Irrigation significantly increased harvested root dry weights and root mass densities for Betula. Greatest harvested root dry weights and root mass densities were obtained with irrigated fabric bag and irrigated B&B-raised bed trees for all species.

Fabric bags significantly increased the fibrous root content and root mass density of harvested root balls for all species, yet a corresponding increase in regenerated roots after transplanting was only observed with Taxodium. Acer root regeneration was significantly decreased with fabric bag treatments. Removal or the fabric bag was done prior to transplanting and the integrity of the root ball could not be maintained for Acer and Quercus. Much of the improvement in root mass for these two species was negated because the root ball fell apart. Yadav et al. (13) also found that with live oaks it was difficult to remove the fabric bag without disturbing the roots. Removal of the fabric bag also damaged the white new initiated roots on the surface of intact root balls for all species.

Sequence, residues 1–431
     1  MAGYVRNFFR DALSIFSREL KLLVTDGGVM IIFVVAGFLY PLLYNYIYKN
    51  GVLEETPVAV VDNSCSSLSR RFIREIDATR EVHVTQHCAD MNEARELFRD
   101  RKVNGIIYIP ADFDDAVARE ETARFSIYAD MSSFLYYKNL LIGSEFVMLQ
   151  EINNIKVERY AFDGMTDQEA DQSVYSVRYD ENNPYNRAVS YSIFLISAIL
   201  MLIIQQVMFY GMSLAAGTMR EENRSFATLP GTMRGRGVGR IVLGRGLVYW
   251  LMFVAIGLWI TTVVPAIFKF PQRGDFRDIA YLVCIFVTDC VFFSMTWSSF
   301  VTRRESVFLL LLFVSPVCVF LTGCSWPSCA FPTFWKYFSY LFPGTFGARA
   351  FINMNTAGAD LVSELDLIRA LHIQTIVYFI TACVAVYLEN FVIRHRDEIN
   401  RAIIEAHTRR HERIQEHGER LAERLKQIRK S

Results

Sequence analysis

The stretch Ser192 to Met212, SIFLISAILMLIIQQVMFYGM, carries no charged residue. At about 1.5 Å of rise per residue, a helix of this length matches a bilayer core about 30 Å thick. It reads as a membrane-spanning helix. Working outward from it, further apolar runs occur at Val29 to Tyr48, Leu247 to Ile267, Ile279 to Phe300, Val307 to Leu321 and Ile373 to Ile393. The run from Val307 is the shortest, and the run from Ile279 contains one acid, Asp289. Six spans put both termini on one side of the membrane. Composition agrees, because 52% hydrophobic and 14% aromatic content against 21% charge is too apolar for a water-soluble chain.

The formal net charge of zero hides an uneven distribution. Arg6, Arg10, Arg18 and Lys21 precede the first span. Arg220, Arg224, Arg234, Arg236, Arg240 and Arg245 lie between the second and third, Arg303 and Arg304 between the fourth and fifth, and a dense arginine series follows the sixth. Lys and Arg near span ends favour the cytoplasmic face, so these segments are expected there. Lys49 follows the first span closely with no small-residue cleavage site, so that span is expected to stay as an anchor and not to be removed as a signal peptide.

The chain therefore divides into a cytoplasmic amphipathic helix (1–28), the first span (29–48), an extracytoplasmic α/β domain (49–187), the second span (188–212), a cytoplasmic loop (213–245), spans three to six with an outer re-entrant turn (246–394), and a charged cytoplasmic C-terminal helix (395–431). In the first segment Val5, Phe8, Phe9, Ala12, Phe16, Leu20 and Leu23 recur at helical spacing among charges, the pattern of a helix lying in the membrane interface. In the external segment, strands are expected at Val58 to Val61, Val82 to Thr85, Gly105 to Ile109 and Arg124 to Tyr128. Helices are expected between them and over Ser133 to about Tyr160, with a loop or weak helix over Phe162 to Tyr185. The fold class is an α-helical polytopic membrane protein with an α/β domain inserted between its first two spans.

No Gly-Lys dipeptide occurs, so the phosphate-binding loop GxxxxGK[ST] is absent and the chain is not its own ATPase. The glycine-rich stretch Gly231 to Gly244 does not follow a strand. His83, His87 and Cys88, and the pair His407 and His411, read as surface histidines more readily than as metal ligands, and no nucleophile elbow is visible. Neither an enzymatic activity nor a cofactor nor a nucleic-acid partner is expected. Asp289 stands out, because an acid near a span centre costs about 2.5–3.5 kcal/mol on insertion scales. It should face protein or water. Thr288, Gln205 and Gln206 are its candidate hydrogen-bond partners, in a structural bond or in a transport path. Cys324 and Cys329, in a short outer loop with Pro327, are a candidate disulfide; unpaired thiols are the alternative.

Survival of trees during the post harvest period and after transplanting was not affected by planting method. All trees survived this period. Trees from fabric bag treatments that remained intact during transport did exhibit fewer water stress symptoms and leaf drop; however, these observations were not quantified. The increased root mass may offer some advantages under more stressful conditions. The problem with the fabric bag may be in keeping the root system intact during transport. Trees in this experiment were handled with great care and were not stacked or handled as roughly as they would be in a typical nursery situations, yet many of the Acer and Quercus root balls were easily disturbed. B&B trees were placed in wire baskets and withstood more abuse than fabric bag grown trees. These observations could have more abuse than fabric bag grown trees. These observations could have implications on transport and stacking of fabric bag nursery stock.